Philippines seeks U.N. help to resolve maritime row with China

MANILA Tue Jan 22, 2013 8:00am EST

A page from a Chinese passport displays a Chinese map which includes an area in the South China Sea inside a line of dashes representing maritime territory claimed by China, in Kunming, Yunnan province, November 23, 2012. REUTERS/Stringer

A page from a Chinese passport displays a Chinese map which includes an area in the South China Sea inside a line of dashes representing maritime territory claimed by China, in Kunming, Yunnan province, November 23, 2012.

Credit: Reuters/Stringer

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MANILA (Reuters) - The Philippines has asked an international tribunal to intervene in its longstanding South China Sea territorial dispute with China and declare that Beijing's claims are invalid, the government said on Tuesday.

Manila asked the tribunal of the U.N. Convention on the Law of the Sea (UNCLOS) to order a halt to China's activities that the Philippines says violates the Southeast Asian nation's sovereignty.

China's claims over islands, reefs and atolls in resource-rich waters off its south coast and to the east of mainland Southeast Asia set it directly against U.S. allies Vietnam and the Philippines, while Brunei, Taiwan and Malaysia also lay claim to parts.

"The Philippines has exhausted almost all political and diplomatic avenues for a peaceful negotiated settlement of its maritime dispute with China," Foreign Affairs Secretary Albert Del Rosario told reporters.

"To this day, a solution is still elusive. We hope that the arbitral proceedings shall bring this dispute to a durable solution," he said.

But it was not clear how the tribunal can help. While all its decisions are binding on countries concerned, it has no power to enforce them.

China, in response, restated its claims to the territory and dismissed any need for external intervention.

State news agency Xinhua quoted Ma Keqing, China's ambassador to the Philippines, as saying that China "has indisputable sovereignty" over the South China Sea islands and adjacent waters.

"The Chinese side strongly holds that the disputes on the South China Sea should be settled by parties concerned through negotiations," Ma was quoted as saying after meeting a senior Philippine diplomat.

The Philippines has previously sought the support of the Association of Southeast Asian Nations (ASEAN) on the territorial dispute, with ASEAN agreeing to ask China to start talks on a code of conduct.

But Beijing says it wants to address the disputes via bilateral talks. Its relations with Tokyo are also under strain after the Japanese government bought disputed islands from a private Japanese owner in September, triggering violent protests and calls for boycotts of Japanese products across China.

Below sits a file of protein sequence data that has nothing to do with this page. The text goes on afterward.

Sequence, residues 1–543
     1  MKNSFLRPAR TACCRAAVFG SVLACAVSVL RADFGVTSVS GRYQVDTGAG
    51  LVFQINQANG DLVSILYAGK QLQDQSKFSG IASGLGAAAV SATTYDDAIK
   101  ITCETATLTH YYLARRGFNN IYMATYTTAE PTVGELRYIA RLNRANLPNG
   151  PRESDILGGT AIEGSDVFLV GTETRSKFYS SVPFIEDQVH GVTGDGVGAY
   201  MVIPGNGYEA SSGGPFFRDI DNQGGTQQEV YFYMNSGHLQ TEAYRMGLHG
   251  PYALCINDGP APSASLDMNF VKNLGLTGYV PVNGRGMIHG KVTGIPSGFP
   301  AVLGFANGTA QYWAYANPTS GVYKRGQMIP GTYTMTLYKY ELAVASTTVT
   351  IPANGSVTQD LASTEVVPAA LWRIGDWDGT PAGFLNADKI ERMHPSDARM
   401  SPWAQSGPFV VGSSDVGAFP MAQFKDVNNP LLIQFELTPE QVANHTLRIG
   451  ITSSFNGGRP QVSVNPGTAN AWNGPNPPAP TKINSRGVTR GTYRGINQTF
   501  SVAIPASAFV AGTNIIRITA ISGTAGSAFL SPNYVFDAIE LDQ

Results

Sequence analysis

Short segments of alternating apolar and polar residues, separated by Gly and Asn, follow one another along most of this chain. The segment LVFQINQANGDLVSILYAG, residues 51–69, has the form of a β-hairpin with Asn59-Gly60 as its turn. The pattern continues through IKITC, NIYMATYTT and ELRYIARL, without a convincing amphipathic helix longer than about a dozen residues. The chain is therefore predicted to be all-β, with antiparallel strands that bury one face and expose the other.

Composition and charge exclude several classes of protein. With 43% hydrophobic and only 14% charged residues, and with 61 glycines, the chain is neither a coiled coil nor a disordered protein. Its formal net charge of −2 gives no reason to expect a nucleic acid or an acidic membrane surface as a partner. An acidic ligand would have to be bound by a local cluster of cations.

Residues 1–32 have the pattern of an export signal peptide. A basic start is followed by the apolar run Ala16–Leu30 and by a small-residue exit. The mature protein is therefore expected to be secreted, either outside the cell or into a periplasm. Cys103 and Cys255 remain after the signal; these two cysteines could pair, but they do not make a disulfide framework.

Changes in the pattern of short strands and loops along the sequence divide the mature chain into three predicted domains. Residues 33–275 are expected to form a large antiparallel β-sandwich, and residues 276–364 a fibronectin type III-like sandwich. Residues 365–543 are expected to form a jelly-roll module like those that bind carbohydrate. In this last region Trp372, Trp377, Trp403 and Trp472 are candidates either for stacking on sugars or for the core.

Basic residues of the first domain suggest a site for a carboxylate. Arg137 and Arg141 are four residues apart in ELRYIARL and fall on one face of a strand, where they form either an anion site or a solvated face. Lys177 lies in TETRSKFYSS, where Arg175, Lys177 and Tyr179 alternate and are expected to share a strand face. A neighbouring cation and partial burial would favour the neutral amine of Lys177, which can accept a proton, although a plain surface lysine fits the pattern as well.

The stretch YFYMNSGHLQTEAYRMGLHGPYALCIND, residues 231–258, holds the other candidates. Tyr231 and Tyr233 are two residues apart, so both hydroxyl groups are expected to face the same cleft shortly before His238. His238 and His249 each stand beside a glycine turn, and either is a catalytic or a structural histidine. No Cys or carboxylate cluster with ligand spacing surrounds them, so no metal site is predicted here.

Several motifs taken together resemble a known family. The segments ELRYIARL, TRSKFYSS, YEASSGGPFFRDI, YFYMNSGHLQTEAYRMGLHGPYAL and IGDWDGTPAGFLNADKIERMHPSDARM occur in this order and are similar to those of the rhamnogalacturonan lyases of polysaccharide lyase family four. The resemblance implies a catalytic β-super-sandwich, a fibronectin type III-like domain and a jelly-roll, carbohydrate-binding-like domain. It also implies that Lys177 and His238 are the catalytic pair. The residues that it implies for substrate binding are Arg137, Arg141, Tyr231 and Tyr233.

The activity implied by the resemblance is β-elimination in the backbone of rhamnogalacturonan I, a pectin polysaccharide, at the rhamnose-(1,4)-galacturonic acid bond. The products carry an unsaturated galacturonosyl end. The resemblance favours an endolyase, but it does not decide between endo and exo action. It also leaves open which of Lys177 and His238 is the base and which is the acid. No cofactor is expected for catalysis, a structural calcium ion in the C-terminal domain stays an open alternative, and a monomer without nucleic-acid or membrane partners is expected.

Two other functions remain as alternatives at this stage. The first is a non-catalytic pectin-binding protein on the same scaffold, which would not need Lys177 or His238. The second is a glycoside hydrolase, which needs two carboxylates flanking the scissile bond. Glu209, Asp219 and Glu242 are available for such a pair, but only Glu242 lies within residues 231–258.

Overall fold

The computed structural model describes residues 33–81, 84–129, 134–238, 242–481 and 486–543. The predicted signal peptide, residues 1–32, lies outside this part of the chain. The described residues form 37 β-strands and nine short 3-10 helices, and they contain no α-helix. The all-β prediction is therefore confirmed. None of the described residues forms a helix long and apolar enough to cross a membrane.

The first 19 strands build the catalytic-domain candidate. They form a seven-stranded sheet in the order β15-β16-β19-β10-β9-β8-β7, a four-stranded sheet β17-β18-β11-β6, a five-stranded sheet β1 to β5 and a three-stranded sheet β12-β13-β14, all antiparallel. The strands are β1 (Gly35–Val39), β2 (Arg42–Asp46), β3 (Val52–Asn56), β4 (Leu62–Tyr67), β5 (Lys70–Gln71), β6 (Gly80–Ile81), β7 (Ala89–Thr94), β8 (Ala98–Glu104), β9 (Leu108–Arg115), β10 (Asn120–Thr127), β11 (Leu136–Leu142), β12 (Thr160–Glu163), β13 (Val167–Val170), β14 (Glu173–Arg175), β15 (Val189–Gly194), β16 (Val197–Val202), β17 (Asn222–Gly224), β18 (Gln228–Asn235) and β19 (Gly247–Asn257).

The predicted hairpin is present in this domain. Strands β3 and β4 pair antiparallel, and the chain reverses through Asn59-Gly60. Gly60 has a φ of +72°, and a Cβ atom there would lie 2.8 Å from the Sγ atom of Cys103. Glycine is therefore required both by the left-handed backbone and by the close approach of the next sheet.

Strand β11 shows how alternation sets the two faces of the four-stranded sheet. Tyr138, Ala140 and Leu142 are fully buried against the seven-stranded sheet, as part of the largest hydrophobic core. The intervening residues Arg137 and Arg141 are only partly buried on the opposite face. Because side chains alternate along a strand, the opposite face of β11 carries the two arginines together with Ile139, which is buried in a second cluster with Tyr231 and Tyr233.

Manila said that any joint development with China should respect Philippine laws. A unit of Philippine firm Philex Petroleum Corp is hoping to resume talks with Chinese state-owned offshore oil producer CNOOC on joint exploration of oil and gas fields in the South China Sea.

(Reporting by Rosemarie Francisco in MANILA and Koh Gui Qing in BEIJING; Editing by Nick Macfie and Ron Popeski)

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Comments (4)
Free_Pacific wrote:
“But it was not clear how the tribunal can help. While all its decisions are binding on countries concerned, it has no power to enforce them.”

It does not matter. Ignoring a binding arbitration will will show once and for all the contempt this country has for those, as they put it ‘Little countries’ (“China is a big country and other countries are small countries and that is just a fact.” – Yang Jiechi (Angrily) in relation to how China should deal with sea disputes with it’s neighbors).

Jan 22, 2013 7:18am EST  --  Report as abuse
herestp wrote:
“A unit of Philippine firm Philex Petroleum Corp is hoping to resume talks with Chinese state-own……”
It is like asking China to be nice to Philippines after Philippines takes the lead in annoying China and add to that renaming the area around the disputed islands West Philippines Sea. China is not going to cooperate for quite a while unless Philippines is seen by China as well behaving and perhaps China will give her a bone perhaps within half a year.The failure to settle is purely the result of an incompetent Philippines president who went to China last April and come back empty handed triggering more tensions. As a small country you cannot jerk a big country around using US support to intimidate China.

Jan 22, 2013 9:28am EST  --  Report as abuse
mgunn wrote:
The US hasn’t signed UNCLOS so its hard for UN council to support what one of the main members hasn’t even agreed to. The articles reference as Vietnam as an ally is a stretch: not only is Vietnam communist and an alleged human rights violator, but the US has killed FAR more Vietnamese than the French or Chinese ever did and while younger people may not remember, the older leadership does. BTW – the US has killed far more Filipinos last century than the Spanish or Japanese ever did. (China doesn’t even enter into that equation.)

Jan 23, 2013 1:24am EST  --  Report as abuse
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